Owners of deadly dogs face jail in T&T

(Trinidad Express) Owners of dangerous dogs, beware!

You are facing a ten-year jail sentence and a TT$200,000 fine if your dog kills someone. That is unless the person was about to commit a crime (such as illegally entering your property or do harm to you) and you have “reasonable cause” for “encouraging the dog to be aggressive or to attack” that person.

If your dogs injures someone, your situation is only slightly better: five years imprisonment and a TT$100,000 fine.

Under the Dog Control Bill, 2013, piloted by  Attorney General Anand Ramlogan in the House of Representatives yesterday, owners of dangerous dogs would also have to have an insurance policy of  TT$250,000 or higher.

They would also have to have a microchip installed in their dangerous dogs (so that if and when the dog attacks someone) the owner can be traced.

The bill, which seeks to provide for the control of all dogs, prevents any owner of any kind of dog from taking the animal to a restaurant, a place where food or beverages are sold or consumed by the public, commercial mall or shop.

Ramlogan said unlike the previous legislation—Dangerous Dogs bill which was passed but never proclaimed and implemented—the current Dog Control Bill espouses responsible ownership, rather than the elimination (via neutering or prohibition) of dangerous dogs.

He said the bill provides for the licensing of dangerous dogs, with owners paying a TT$1,000 licensing fee for a dangerous dog or TT$1,500 for more than one dangerous dog. And any person who keeps a dangerous dog which is not licensed would be fined TT$50,000.

The bill, which requires a special majority, repeals the Dangerous Dogs Act 2000. Dangerous dogs (defined in the bill as Class A) include pitbull terrier or any dog bred from the pitbull terrier; fila brasileiros or any dog bred from this type and Japanese Tosas, or any dog bred from this type.

However, the bill covers all other breeds of dogs defined as Class B but it does not provide for liability for death or injury caused by Class B dogs.

Ramlogan said all the evidence  showed that pitbulls were responsible for a disproportionate number of attacks on persons “with the most horrifying consequences”. He said the ministry spoke to owners, victims and police officers in preparing the legislation.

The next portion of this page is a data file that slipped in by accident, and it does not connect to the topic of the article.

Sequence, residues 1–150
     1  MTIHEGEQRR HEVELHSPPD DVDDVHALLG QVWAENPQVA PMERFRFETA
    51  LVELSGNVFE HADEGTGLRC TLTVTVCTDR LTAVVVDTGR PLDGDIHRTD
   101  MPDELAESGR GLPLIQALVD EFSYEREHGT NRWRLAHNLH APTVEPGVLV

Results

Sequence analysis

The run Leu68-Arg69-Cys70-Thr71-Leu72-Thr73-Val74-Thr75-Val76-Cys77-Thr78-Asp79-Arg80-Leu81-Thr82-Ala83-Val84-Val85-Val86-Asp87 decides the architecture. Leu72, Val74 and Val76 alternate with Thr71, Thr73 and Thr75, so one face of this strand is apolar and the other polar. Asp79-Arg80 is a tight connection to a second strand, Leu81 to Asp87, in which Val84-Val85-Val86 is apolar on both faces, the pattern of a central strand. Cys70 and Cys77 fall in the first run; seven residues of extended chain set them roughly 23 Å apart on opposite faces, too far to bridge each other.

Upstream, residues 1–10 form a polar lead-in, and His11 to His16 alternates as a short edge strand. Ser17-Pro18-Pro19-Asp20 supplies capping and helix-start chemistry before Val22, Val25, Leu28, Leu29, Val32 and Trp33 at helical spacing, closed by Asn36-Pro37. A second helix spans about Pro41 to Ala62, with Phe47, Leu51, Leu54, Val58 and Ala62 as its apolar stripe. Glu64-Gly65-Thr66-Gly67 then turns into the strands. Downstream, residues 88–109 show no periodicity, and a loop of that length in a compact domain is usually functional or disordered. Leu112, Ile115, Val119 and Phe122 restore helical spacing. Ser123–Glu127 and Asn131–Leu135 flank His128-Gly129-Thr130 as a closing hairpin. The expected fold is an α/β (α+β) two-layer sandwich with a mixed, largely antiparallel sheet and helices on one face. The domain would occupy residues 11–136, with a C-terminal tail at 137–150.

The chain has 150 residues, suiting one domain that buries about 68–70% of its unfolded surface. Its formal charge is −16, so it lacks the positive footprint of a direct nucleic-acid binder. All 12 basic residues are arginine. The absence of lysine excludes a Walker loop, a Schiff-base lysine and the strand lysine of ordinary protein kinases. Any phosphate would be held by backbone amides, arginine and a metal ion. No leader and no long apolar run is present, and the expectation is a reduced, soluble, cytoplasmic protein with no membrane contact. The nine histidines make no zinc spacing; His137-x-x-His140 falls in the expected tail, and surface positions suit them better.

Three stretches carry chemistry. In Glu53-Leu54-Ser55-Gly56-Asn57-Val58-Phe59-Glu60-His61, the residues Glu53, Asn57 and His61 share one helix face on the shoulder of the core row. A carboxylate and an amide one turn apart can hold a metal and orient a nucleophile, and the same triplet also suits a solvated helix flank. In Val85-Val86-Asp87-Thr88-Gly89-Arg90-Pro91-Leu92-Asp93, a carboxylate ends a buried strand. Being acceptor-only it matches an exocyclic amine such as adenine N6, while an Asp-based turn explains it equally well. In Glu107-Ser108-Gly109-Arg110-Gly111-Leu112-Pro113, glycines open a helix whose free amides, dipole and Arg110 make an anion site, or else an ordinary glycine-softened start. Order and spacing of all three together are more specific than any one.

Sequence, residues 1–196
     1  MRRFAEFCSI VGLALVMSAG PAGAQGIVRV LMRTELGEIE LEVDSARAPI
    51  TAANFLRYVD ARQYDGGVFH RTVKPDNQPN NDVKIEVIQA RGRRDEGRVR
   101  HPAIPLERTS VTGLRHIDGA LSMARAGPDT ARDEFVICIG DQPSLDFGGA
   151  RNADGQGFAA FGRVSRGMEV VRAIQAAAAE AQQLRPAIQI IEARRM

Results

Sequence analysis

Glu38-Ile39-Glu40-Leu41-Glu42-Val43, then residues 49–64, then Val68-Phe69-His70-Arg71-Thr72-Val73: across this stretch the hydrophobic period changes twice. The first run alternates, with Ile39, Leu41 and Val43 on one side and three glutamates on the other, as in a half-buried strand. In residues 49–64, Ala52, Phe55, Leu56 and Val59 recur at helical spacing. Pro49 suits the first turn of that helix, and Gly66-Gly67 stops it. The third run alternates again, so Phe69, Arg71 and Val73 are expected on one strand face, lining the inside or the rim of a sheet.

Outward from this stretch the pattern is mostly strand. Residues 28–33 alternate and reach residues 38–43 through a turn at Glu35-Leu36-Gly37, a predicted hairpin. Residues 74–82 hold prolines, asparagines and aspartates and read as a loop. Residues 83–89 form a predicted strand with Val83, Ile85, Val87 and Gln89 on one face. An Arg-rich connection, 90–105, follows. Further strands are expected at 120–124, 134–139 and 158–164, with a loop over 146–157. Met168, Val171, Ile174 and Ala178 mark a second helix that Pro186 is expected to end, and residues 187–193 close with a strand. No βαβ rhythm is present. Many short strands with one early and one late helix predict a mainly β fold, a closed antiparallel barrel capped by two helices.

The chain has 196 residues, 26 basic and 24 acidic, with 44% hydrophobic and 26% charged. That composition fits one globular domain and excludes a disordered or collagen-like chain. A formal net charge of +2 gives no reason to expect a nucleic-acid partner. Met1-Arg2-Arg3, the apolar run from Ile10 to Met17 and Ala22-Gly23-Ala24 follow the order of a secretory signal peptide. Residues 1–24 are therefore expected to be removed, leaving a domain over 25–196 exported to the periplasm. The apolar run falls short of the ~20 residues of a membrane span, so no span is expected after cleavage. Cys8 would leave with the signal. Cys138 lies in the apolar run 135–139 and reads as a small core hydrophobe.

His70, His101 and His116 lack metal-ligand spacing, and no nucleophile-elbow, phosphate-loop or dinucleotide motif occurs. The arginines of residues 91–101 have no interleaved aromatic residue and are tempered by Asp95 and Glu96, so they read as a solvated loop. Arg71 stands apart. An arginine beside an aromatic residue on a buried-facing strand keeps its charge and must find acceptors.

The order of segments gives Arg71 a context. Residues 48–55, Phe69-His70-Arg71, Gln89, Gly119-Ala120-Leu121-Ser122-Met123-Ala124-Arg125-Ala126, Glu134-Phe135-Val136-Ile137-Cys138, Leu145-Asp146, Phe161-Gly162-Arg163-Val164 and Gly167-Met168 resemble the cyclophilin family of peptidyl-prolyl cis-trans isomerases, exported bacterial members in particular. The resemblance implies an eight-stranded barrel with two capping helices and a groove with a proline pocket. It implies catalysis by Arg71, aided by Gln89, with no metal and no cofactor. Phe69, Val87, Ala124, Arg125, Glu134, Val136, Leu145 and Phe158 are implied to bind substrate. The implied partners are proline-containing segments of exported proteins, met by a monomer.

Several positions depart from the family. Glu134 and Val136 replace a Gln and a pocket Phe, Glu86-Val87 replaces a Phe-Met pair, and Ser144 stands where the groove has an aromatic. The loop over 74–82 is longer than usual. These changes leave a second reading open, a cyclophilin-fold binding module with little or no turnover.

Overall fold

“I have been told by a police officer that himself and four other officers were trying to get one pitbull off a victim and try as they might when even the owner of the dog arrived, the dog would not let go. It is a Herculean task to pry a victim loose from a pitbull. In most cases the only way is to shoot the pitbull or cause severe injury or else the dog simply won’t let go,” he said.

“Some dogs have a demonstrated propensity to become violent, aggressive and attack,” he said.

Citing some of the instances of attacks which appeared in the media, the Attorney General said whenever a tragedy occurred nine out of ten times, there was an irresponsible owner who didn’t fence properly, forgot the gate open, didn’t have a strong enough leash or carried the dogs for a walk with no muzzle. “So the legislation focuses on responsible management, care and ownership of dangerous dogs and dogs in general,” he said.

Ramlogan said dogs occupied a unique part in the heart and minds of many persons. He said dogs were a companion to the elderly and single woman. She said one woman said she preferred a dog to having a boyfriend but  the strongest argument the owners had was the fact that in this time of high crime, the dog was a security measure. They contended that given the fact that they had invested in these dogs, if Government banned dangerous dogs it was tantamount to interfering with their right to own property.

Ramlogan said the dangerous dog must wear a collar with a metal label or badge which carries certain information. The owner must properly secure the premises, which must be inspected.

Ramlogan said a person who incites a dog to attack without cause is liable to a TT$25,000 fine in addition to other penalties already cited, if the person is injured or killed.

Under the bill, guide dogs (for the visually impaired) and dogs in the service of the State are excluded from all the provisions.


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